Comments posted on packagingnews.co.uk suggest that he has struck a chord. Kevin Vyse, who has made his own headlines this month, suggested that packaging’s arch-tormentor the Daily Mail should print the comments.
Neal Whipp of BPIF Cartons described the comments as “quite simply the clearest thinking about packaging in society that I have heard”.
Braungart certainly has a point. Too much public discourse on packaging is characterised by a sense that the sector needs to fight its corner against a tide of enemies.
Insofar as this concerns politics, that’s fine. When bad decisions are made about the sector by politicians or supermarkets, we have to hit back; and a wide range of industry bodies do that admirably.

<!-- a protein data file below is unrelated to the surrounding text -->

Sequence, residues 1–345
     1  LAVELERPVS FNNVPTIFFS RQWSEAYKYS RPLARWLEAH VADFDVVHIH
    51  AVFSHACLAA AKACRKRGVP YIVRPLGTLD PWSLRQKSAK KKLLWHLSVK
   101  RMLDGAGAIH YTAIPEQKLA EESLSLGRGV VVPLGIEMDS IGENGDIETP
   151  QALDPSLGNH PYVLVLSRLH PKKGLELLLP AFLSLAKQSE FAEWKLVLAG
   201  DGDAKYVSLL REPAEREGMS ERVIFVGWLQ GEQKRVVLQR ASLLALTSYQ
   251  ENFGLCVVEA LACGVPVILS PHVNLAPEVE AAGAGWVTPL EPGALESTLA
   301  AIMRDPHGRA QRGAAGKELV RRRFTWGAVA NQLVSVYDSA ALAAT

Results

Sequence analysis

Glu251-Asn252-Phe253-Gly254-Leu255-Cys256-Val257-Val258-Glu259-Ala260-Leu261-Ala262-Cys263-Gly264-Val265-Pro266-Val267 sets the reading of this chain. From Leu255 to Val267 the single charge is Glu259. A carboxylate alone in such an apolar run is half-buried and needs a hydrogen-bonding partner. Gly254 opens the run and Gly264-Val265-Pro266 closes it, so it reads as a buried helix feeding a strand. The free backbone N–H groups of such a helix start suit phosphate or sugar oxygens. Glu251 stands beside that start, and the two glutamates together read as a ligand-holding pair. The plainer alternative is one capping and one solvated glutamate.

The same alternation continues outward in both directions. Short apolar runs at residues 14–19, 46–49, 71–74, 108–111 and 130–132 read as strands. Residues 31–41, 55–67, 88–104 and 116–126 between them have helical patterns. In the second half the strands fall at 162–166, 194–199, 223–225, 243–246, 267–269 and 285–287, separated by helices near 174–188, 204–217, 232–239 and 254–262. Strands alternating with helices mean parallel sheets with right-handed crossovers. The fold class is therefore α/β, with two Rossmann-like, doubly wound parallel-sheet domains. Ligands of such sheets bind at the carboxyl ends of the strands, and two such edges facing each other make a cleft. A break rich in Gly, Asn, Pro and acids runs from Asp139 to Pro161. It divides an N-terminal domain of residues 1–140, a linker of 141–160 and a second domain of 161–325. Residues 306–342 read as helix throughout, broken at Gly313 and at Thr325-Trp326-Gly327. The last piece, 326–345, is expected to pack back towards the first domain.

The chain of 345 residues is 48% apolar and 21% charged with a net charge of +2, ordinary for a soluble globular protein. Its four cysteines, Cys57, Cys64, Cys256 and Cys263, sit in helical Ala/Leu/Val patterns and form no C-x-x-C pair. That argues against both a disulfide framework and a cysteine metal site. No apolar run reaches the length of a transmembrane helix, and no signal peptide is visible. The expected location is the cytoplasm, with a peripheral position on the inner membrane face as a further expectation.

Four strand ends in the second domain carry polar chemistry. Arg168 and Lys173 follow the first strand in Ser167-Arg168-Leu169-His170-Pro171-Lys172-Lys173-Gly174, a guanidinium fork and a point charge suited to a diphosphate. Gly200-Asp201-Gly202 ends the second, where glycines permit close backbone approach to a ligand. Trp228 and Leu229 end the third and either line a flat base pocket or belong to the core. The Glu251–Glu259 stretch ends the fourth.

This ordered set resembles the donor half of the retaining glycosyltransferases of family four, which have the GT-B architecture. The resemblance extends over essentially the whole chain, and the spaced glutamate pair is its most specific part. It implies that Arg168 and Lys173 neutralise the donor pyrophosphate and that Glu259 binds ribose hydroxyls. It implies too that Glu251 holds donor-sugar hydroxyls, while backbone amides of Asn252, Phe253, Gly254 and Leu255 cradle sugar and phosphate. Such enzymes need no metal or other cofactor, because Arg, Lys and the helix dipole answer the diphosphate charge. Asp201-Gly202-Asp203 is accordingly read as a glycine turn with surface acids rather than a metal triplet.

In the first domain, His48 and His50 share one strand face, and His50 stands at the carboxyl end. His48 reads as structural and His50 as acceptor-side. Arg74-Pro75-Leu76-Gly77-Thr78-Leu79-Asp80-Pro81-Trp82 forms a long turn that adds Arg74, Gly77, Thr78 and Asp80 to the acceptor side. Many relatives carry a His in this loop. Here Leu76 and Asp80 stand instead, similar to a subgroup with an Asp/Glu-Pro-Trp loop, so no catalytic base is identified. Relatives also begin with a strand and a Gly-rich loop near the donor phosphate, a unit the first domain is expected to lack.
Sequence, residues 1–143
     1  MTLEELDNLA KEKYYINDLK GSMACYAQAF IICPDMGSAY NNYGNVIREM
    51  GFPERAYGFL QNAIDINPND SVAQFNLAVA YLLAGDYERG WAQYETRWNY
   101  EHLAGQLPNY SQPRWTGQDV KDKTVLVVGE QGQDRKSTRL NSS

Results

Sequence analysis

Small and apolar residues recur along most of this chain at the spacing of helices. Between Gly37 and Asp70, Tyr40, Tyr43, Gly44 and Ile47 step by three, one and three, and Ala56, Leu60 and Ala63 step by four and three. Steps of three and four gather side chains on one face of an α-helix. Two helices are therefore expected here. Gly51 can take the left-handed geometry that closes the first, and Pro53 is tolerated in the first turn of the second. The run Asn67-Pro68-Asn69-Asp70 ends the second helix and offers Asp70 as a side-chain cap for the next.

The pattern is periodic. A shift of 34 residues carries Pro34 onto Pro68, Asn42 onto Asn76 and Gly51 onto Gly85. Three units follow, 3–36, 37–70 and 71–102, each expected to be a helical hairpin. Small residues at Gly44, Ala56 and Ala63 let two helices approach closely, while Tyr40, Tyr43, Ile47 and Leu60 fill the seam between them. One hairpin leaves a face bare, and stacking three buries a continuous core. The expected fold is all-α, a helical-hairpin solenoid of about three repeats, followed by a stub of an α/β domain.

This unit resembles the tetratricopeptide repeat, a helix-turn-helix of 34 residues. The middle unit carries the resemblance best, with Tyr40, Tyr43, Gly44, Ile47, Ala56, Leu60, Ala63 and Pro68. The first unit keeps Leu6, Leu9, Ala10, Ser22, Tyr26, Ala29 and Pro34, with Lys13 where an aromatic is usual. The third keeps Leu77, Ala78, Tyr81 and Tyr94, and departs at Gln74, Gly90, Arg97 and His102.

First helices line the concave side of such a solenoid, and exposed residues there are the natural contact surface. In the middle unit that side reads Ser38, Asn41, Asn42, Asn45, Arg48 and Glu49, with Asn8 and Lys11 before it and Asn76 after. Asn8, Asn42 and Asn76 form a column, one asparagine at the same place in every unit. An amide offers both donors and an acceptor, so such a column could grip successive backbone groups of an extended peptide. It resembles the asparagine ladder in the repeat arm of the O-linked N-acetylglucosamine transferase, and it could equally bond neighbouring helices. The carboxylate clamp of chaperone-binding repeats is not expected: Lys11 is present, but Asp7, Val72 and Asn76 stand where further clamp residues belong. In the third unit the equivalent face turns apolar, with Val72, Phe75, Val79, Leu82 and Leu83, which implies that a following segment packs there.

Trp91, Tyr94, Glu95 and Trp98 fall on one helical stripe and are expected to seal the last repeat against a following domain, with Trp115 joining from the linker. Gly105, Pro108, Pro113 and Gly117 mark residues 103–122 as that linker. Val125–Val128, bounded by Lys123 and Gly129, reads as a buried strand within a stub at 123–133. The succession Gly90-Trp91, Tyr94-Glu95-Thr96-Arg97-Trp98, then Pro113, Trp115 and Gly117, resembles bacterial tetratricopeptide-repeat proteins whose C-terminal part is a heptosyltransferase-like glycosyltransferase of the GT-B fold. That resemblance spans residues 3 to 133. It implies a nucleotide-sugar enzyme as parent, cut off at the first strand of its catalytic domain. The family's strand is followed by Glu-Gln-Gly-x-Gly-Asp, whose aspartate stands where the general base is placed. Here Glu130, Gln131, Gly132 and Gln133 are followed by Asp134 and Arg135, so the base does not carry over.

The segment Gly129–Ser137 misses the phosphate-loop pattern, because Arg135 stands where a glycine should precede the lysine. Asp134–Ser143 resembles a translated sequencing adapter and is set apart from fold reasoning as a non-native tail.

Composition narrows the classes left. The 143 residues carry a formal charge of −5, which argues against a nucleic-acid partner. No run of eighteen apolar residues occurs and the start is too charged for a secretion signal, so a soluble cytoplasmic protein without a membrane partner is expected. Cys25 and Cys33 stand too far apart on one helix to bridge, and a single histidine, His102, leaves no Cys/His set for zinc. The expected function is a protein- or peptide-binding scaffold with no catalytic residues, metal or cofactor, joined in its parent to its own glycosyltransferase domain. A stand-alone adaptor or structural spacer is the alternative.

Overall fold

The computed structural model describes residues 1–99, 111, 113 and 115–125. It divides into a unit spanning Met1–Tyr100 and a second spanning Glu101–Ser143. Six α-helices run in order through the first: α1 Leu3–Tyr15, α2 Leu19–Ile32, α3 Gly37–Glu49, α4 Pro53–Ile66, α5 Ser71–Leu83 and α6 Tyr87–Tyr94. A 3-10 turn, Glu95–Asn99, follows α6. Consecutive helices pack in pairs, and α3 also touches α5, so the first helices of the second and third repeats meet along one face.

But in most other circumstances there is a chasm between the tone of that discourse and the day-to-day reality in packaging manufacturers, design agencies and their clients. People who matter in the supply chain don’t hate packaging; often, they love it.
Friends of mine who work in marketing, in fact, obsess about it, and for the right reasons. Will it sell more product? Will consumers like it? Trade events in the last few weeks tell a story of an upbeat industry with upbeat customers. And companies I have visited recently, such as the export success story Payne, project a picture of a bullish and successful industry.
So the question is not how to feel better individually about what the sector does; it is how to stop the industry collectively feeling like a victim. I don’t have the answer to that; but we surely all have a part to play.
Josh Brooks is editor of Packaging News